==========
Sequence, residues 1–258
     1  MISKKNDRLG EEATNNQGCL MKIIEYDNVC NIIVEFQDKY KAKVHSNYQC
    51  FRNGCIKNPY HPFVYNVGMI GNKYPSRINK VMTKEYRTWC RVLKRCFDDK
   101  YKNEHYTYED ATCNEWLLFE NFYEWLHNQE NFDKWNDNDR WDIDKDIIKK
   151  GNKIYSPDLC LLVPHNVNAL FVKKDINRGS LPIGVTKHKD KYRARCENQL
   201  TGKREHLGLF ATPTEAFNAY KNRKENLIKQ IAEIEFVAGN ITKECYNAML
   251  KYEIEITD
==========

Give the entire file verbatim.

Sequence, residues 1–258
     1  MISKKNDRLG EEATNNQGCL MKIIEYDNVC NIIVEFQDKY KAKVHSNYQC
    51  FRNGCIKNPY HPFVYNVGMI GNKYPSRINK VMTKEYRTWC RVLKRCFDDK
   101  YKNEHYTYED ATCNEWLLFE NFYEWLHNQE NFDKWNDNDR WDIDKDIIKK
   151  GNKIYSPDLC LLVPHNVNAL FVKKDINRGS LPIGVTKHKD KYRARCENQL
   201  TGKREHLGLF ATPTEAFNAY KNRKENLIKQ IAEIEFVAGN ITKECYNAML
   251  KYEIEITD